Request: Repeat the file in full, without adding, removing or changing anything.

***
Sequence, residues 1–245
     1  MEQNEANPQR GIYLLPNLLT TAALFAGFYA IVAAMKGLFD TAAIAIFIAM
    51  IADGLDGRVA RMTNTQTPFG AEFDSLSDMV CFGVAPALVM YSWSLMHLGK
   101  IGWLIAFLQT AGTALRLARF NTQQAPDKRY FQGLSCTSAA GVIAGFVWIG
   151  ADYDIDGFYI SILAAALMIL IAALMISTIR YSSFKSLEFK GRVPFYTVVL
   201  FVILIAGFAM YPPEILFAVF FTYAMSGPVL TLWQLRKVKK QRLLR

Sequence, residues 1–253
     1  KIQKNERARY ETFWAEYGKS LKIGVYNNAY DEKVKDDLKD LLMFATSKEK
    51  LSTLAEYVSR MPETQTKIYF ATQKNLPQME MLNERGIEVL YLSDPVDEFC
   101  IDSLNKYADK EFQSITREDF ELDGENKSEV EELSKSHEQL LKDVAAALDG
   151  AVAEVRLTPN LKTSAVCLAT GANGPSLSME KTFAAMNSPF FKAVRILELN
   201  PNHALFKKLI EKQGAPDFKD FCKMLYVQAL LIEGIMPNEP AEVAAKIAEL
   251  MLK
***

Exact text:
Sequence, residues 1–245
     1  MEQNEANPQR GIYLLPNLLT TAALFAGFYA IVAAMKGLFD TAAIAIFIAM
    51  IADGLDGRVA RMTNTQTPFG AEFDSLSDMV CFGVAPALVM YSWSLMHLGK
   101  IGWLIAFLQT AGTALRLARF NTQQAPDKRY FQGLSCTSAA GVIAGFVWIG
   151  ADYDIDGFYI SILAAALMIL IAALMISTIR YSSFKSLEFK GRVPFYTVVL
   201  FVILIAGFAM YPPEILFAVF FTYAMSGPVL TLWQLRKVKK QRLLR

Sequence, residues 1–253
     1  KIQKNERARY ETFWAEYGKS LKIGVYNNAY DEKVKDDLKD LLMFATSKEK
    51  LSTLAEYVSR MPETQTKIYF ATQKNLPQME MLNERGIEVL YLSDPVDEFC
   101  IDSLNKYADK EFQSITREDF ELDGENKSEV EELSKSHEQL LKDVAAALDG
   151  AVAEVRLTPN LKTSAVCLAT GANGPSLSME KTFAAMNSPF FKAVRILELN
   201  PNHALFKKLI EKQGAPDFKD FCKMLYVQAL LIEGIMPNEP AEVAAKIAEL
   251  MLK